The course of the COVID-19 pandemic is unfamiliar territory for those trying to slow its spread and tend to its victims. There also is no recent roadmap for those involved in providing public information about the situation and those reporting on it.
But along with food, medicine and protective equipment, reliable information is an essential commodity as we try to protect ourselves and our families. In a way most of us have never fully realized, we are all in this together — and we have the right to as much as can be known about how this crisis is unfolding and what is being done to fight it.
Instant access to the latest news via the digital world only makes it more crucial that public officials and journalists do their best to disseminate information that's as timely, accurate and complete as possible.
In most ways, state and local officials have done an admirable job of providing information and working with the media to keep people up to date on the crisis. Indiana Gov. Eric Holcomb has offered regular, wide-ranging news briefings, as have Fort Wayne Mayor Tom Henry and other public officials on a periodic basis. The Indiana State Department of Health has been providing daily digital information and the Allen County Health Department, to its credit, has distributed local statistics, included the media in a key briefing for local leaders and even organized a press “roundtable” last week on the urgent topic of mental health care during the pandemic.
As The Journal Gazette's Niki Kelly reported March 27, the Indiana State Department of Health was wary early on about sharing key data already available to citizens in other states: how many beds and ventilators hospitals in the state had available. Last week, after repeated requests from Kelly and other reporters, the state began to provide those numbers.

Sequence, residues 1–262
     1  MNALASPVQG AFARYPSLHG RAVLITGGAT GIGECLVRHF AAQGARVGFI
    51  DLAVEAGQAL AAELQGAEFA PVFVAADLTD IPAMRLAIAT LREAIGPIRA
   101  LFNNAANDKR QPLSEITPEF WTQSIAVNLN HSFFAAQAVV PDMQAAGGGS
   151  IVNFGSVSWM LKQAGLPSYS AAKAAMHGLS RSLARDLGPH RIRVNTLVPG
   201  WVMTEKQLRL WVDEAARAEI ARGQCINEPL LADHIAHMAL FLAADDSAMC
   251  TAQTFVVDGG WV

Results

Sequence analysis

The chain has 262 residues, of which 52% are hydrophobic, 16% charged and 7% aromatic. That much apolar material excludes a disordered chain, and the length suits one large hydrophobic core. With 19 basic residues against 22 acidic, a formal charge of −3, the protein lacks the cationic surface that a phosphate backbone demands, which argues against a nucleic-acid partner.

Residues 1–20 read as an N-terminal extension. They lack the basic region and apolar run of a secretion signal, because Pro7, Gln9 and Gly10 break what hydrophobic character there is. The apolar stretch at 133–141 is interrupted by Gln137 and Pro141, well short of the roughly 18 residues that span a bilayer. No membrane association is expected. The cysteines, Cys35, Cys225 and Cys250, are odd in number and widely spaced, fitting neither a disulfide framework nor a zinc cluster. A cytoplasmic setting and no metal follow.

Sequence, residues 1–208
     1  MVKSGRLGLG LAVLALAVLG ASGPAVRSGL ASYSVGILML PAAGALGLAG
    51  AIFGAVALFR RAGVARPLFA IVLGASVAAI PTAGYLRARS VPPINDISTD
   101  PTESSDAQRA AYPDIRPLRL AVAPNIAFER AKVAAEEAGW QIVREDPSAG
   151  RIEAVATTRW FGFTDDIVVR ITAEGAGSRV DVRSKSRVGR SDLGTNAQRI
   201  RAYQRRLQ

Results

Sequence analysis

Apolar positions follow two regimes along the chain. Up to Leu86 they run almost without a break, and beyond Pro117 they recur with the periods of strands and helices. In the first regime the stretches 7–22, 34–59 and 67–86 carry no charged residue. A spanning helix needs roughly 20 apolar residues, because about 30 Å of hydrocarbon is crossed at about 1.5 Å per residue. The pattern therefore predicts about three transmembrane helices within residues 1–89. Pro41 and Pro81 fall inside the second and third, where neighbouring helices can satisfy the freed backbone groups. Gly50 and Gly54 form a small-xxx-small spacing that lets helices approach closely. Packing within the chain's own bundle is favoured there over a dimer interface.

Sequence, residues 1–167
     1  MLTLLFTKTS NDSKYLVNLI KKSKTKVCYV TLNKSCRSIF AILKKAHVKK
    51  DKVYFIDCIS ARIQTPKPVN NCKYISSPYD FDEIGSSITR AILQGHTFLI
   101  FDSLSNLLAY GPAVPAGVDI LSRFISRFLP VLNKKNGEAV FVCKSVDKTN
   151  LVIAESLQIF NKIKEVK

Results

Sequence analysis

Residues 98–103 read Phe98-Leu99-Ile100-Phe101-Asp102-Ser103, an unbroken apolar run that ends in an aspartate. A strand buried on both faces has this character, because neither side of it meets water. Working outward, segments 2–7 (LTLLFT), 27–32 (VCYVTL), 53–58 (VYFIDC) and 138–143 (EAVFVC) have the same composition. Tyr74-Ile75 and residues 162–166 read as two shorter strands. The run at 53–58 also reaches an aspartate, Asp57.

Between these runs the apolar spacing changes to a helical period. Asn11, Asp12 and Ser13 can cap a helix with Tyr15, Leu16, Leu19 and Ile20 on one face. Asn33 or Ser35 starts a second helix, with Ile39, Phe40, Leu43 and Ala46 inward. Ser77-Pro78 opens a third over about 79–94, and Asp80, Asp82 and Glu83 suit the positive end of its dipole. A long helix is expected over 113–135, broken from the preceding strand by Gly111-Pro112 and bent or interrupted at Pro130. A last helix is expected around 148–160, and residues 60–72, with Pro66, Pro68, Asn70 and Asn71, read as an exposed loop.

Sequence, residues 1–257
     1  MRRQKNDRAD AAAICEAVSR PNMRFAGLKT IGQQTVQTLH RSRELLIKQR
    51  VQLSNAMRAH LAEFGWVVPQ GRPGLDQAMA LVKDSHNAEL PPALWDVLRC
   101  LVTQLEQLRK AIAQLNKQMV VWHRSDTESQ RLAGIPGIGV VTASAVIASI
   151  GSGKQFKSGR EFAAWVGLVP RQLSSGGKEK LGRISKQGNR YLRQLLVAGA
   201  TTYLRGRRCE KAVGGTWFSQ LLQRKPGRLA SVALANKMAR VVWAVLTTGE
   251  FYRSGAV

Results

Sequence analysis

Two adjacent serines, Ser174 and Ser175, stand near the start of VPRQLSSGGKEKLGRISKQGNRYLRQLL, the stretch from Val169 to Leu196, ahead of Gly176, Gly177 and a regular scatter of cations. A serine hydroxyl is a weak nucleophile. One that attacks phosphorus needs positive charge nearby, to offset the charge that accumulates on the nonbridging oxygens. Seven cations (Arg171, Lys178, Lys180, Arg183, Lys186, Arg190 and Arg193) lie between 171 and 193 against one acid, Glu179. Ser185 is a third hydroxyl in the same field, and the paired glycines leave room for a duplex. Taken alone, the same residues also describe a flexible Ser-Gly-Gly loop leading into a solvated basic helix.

Hospitals and local health departments remain understandably cautious about violating federal privacy rules about individual patients. But we hope all such institutions can find a way to release more data about individual victims of the pandemic to help people understand how the virus is impacting their area without violating individual privacy.
“Secrecy is the best weapon of the virus,” Steve Key, executive director of the Hoosier State Press Association, said Thursday. “If you don't know it's there or how prevalent it is or who has it — it spreads. The more people know about what's going on, the more they'll be willing to take steps to protect themselves and others.”
Failure to report health threats has carried unfortunate consequences in the past. The classic case, Key noted, is the way public officials and the press tried to minimize the danger at the beginning of the influenza pandemic of 1918. It was an effort to avoid “panic” — but it lured the public in some localities into a false sense of security.
“What officials and the press said bore no relationship to what people saw and touched and smelled and endured,” author John M. Barry wrote in “The Great Influenza: The Story of the Deadliest Pandemic in History.” “People could not trust what they read. Uncertainty follows distrust, fear follows uncertainty, and, under conditions such as these, terror follows fear.”
That kind of distrust isn't likely to develop this time around as long as health officials and journalists continue to work hard to provide trustworthy data. Whatever the course of events in Indiana in days to come, our tradition of open public information will help us get through it.